Hue Jackson’s contract with the browns had an addendum that included bonus incentives that didn’t explicitly require losing games, but seemed to incentivize losing, according to documents obtained by Sports Illustratedby Gary Gramling and Conor Orr.
Jackson, who coached in Cleveland from 2016 to 2018, claimed in February that the team gave him incentives to lose games between the 2016 and 2017 seasons. The league opened an investigation into the allegations in April and announced Monday that it could not substantiate his claims. .
In internal documents obtained by SI, Jackson would receive a bonus after meeting specific incentives outlined in “a separate internal Browns document titled ‘The Four-Year Plan.'” In Article 3 of his contract, the part that describes his compensation, Cleveland included a line that read: “In addition to salary, the Employee will be eligible for bonus compensation in accordance with the criteria amounts described in Exhibit A”.
Exhibit A is a table in the contract that has an asterisk that refers to a “FOUR-YEAR PLAN BONUS” and an asterisk indicates that, “The Four-Year Plan and goals will be developed with Employee input and will be subject to final approval of Owner. ” It would pay Jackson “up to $750,000” per season.
SI obtained a table from the Browns’ Four-Year Plan that lists the bonus percentages Jackson could have earned, including salary cap and draft pick transfer incentives that would pay him about $100,000 annually in his first two years if is reached. A draft capital bonus could be achieved if Cleveland made at least 11 picks in the 2016 NFL draft, with five of those picks having to come from the first three rounds, according to the document. That same year, Jackson could reach the salary-cap bonus if the team ranked “in the bottom quarter for cash spending” in 2016 and “transferred at least 15% of the league cap” the following year.
The parameters of those incentives changed over the next three years, but everything seemed to incentivize fewer wins through more early-round draft picks and less money spent on the roster, which apparently motivated Jackson to tank through his two seasons and average with Cleveland.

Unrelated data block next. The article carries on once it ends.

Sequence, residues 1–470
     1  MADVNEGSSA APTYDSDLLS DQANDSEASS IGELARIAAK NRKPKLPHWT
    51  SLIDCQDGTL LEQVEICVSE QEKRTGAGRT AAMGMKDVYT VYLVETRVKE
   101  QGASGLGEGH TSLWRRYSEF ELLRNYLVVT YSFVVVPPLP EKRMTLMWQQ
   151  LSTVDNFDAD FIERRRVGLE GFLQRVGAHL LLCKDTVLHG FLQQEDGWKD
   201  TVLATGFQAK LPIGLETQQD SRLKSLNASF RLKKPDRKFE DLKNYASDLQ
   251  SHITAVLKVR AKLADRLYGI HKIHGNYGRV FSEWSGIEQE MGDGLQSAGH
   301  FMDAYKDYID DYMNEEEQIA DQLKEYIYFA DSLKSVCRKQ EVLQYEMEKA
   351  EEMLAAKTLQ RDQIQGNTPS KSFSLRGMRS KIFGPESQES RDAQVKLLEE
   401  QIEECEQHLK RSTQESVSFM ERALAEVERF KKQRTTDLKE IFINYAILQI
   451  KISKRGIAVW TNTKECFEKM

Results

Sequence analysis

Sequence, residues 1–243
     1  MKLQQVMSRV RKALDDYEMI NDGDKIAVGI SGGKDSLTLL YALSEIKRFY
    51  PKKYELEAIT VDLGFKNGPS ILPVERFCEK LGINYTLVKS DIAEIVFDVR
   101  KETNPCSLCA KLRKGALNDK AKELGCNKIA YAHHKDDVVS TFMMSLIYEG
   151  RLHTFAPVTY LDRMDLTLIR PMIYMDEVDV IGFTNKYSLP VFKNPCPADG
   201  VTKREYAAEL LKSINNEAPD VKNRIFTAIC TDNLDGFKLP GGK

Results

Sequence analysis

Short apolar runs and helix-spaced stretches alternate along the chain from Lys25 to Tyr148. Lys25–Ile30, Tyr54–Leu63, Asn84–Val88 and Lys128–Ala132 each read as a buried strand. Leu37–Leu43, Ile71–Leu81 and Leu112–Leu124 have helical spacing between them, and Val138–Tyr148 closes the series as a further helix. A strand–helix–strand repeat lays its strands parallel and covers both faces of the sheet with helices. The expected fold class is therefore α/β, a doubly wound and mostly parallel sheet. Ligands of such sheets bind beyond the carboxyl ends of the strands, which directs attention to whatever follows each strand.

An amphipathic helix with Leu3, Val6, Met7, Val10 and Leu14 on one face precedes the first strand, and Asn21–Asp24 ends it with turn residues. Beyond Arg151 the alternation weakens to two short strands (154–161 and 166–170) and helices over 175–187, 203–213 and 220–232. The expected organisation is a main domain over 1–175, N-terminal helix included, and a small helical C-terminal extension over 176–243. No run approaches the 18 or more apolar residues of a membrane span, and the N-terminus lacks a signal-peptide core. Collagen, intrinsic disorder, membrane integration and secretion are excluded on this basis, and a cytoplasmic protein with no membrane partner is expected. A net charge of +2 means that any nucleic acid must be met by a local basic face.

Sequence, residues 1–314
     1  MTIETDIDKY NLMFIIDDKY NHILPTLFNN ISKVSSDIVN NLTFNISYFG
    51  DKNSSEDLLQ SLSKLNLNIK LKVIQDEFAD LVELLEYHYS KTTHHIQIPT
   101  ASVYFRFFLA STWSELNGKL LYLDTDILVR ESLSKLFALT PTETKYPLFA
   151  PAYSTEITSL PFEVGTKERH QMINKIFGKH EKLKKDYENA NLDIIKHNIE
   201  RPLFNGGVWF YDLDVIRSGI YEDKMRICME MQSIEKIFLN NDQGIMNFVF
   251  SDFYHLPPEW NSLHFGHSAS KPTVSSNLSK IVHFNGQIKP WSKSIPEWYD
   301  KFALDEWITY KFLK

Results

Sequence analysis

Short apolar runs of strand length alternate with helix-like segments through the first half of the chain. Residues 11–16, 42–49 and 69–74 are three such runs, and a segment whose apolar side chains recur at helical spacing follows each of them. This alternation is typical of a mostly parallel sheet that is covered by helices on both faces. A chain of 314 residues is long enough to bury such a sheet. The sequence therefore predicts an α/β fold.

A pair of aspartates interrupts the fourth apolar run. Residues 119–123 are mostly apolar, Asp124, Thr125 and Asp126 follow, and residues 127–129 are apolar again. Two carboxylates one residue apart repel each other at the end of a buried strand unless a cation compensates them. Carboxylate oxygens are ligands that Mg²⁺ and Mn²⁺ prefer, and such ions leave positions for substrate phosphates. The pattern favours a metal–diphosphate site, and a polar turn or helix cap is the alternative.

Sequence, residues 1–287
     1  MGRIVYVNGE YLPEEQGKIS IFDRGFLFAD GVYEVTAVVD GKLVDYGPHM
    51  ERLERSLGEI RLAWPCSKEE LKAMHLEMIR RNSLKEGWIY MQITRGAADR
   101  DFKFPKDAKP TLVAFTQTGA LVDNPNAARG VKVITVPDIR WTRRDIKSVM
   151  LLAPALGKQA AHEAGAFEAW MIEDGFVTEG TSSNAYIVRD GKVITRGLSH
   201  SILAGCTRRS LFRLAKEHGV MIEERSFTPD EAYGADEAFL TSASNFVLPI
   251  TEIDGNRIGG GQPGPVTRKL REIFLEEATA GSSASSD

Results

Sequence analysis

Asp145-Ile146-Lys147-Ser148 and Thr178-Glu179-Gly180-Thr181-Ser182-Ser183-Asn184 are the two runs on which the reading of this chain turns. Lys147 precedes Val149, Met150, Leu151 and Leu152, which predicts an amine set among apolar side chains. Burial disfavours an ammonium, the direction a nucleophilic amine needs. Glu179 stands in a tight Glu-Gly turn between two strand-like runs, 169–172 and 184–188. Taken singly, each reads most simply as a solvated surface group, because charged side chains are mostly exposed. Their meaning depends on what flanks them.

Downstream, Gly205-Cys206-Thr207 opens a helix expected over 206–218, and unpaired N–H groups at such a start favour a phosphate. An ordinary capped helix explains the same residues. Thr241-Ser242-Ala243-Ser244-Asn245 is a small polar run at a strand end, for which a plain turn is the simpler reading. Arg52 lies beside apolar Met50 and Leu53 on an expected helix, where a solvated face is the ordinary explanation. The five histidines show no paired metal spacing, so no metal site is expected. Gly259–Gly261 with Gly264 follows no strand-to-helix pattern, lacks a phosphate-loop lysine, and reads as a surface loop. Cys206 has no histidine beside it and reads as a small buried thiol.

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“If they sent me that (Four Year Plan), my first thought would be ‘Holy crap, this is like a tank bonus,'” a veteran training agent told Gramling and Orr.
When the NFL closed its investigation into the Browns’ collapse claims, Commissioner Roger Goodell wrote in his letter to Cleveland owner Jimmy Haslam that investigators found “Coach Jackson himself reviewed the Plan and suggested changes to the metrics.” of incentive compensation of the Plan, which were accepted. However, Jackson first informed the NFL of his concerns about the Four-Year Plan in November 2016, based on Jackson’s unfiled request to vacate the arbitration.
Jackson says the plan violated a part of the NFL Constitution and bylaws that does not allow any team member to “unlawfully influence the outcome of the game.” [team] or cease to immediately suspend any official or player or other employee of the [team] who will be found guilty of offering, agreeing to, conspiring with, or attempting to influence the outcome of any game[…].” The NFL generally reviews all coaching contracts, but it’s unclear if the league reviewed the incentives included in the Four-Year Plan. The NFL did not provide a comment to SI on the salary cap and draft capital bonus incentives.
The 56-year-old is currently in his first year as head coach at Grambling State. With the Browns he went 3-36-1.
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